MEXICO CITY — Lorena Ochoa
retired Tuesday, following the path of Annika Sorenstam and marking the
second time in the last three years the biggest star on the LPGA Tour
left the game.
The 28-year-old Mexican announced
her decision on her website and will discuss her plans Friday. Ochoa,
who has been No. 1 in the world the last three years and won 27 times
over the last six years, may well be the best-known athlete in her
country who is not a soccer player.
"Lorena Ochoa confirms her
retirement from the LPGA, as news reports in some media have said
today," her statement said. "The reasons and more details on the matter
will be given by Lorena personally in a press conference on Friday in
Mexico City. Lorena will share this news of a new stage in her life with
her sponsors, family members and friends."
The LPGA told The Associated
Press it would not comment until Friday's news conference.
Ochoa is scheduled to play next
week in the Tres Marias event in Morelia, west of Mexico City. It was
not clear if she would indeed play there or if this month's Kraft
Nabisco Championship in California, where she finished fourth in the
year's first major, was her finale.
"I'm just crushed," Judy Rankin, a
Hall of Famer and television analyst, said upon hearing the news. "We
won't get to see her play golf. Mostly, we won't get to see her."
Sorenstam was 37 when she
announced her retirement in May 2008, saying she wanted to pursue other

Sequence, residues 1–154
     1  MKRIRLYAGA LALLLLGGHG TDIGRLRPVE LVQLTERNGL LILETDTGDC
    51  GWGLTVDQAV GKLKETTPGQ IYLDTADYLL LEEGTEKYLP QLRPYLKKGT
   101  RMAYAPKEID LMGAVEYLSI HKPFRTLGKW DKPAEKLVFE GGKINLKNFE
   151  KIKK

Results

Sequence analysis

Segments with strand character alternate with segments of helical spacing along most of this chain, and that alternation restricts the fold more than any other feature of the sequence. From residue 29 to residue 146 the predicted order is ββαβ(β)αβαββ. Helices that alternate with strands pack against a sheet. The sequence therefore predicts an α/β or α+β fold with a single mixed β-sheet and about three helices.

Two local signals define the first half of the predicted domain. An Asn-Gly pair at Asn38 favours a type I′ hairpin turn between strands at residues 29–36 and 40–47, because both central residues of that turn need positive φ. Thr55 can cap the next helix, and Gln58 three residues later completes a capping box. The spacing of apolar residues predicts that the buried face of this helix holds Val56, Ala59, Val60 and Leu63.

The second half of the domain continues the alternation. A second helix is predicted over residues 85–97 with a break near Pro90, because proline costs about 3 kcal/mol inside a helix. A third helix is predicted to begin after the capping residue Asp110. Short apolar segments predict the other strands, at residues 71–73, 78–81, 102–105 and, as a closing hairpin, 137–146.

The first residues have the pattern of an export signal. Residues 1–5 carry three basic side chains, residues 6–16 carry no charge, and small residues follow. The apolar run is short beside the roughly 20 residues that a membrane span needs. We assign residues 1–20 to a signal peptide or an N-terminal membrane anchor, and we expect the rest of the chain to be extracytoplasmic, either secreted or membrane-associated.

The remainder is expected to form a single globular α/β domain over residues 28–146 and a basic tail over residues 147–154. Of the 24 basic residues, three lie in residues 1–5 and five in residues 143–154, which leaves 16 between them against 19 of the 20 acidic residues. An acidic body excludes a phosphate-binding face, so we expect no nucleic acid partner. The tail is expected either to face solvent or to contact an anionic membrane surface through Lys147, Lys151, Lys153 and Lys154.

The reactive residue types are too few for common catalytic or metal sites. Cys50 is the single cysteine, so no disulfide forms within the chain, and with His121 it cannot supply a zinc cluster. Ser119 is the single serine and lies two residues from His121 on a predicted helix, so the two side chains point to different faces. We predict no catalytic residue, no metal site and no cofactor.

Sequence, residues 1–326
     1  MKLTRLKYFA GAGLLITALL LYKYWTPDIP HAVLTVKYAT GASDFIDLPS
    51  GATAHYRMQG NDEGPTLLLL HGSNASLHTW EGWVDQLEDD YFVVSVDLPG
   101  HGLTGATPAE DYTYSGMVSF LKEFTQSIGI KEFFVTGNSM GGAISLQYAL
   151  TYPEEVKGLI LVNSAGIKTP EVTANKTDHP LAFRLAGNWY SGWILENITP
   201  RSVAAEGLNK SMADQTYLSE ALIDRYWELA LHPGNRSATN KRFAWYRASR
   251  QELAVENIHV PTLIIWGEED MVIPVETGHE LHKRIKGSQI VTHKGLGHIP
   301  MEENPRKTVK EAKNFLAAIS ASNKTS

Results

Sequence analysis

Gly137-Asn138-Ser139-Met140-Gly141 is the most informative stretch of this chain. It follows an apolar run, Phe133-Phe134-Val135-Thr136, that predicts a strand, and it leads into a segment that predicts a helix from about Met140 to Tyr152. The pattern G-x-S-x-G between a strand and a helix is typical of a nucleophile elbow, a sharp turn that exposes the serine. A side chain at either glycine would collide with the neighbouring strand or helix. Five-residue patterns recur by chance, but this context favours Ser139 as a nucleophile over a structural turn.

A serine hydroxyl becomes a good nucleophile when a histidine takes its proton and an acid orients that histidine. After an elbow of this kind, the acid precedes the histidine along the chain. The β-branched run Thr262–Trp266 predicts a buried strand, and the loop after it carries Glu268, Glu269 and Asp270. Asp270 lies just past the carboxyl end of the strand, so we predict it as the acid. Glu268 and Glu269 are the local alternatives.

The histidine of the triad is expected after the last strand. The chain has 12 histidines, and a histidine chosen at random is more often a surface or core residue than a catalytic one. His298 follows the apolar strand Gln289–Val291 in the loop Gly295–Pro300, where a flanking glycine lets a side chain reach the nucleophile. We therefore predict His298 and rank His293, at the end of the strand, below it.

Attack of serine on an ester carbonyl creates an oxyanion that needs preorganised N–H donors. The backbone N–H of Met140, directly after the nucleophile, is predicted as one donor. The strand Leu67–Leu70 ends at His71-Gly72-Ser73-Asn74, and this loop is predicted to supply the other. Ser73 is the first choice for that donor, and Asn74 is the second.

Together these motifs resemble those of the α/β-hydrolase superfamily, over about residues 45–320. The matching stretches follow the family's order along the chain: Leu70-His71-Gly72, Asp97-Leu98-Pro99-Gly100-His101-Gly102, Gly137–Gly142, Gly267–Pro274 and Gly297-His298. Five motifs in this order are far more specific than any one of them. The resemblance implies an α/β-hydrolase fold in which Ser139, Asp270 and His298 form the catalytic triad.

interests and start a family. She now has a daughter.
The newspaper Reforma first
reported Ochoa's retirement and said she wanted to concentrate on her
family and charities. She was married in December to Andres Conesa, the
chief executive of Aeromexico airline. He has three children from a
"I must admit that I was
surprised, but not shocked, when I heard the news yesterday that Lorena
is going to retire," Sorenstam said on her blog. "She has always said
she would play for maybe 10 years and then leave the game to start a
family. She just got married and obviously feels that she is ready for
that next chapter in her life."
Ochoa has also talked openly
about wanting to have children of her own. Last year she began traveling
more, playing less, and had more off-course obligations, which include
her charity foundation.
"Personally, it's more important
the things that I do outside the golf course," Ochoa said last year
before a tournament she hosts in her hometown of Guadalajara. "And
that's been my main focus right now."
Her retirement is a blow to the
LPGA Tour, which has been struggling in a tough economy and has only 25
tournaments on its schedule this year, 14 of them in the United States.
Sorenstam became the face of the
LPGA Tour by winning the career Grand Slam, becoming the only woman to
shoot 59 and playing in the Colonial, the first woman in 58 years to
compete on the PGA Tour.
Ochoa never quite assumed that
star power, playing before moderate crowds even as she was going for a
record-tying fifth straight victory in Tulsa, Okla., two years ago.
Ochoa was defined as much by her
dominance as her graciousness. Mindful of her heritage, she often would
go to the maintenance barn during LPGA Tour events and speak with the
workers, many of them from Mexico.
She rose to No. 1 in 2006 by
winning six times, and she captured her first major at St. Andrews a
year later by winning the Women's British Open. Ochoa's other major was
the 2008 Kraft Nabisco Championship, where she took the traditional jump
into the pond with her family as a mariachi band serenaded her.
She won her fourth consecutive
LPGA Tour player of the year award in 2009, narrowly holding off Jiyai
Shin. Ochoa played four times this year, with her best finish at the
Kraft Nabisco Championship when she finished fourth.
"While the LPGA will certainly
miss her great play, warm demeanor and smile, I am personally very happy
for her," Sorenstam said. "The most rewarding days are ahead of her,
and I wish her all the best."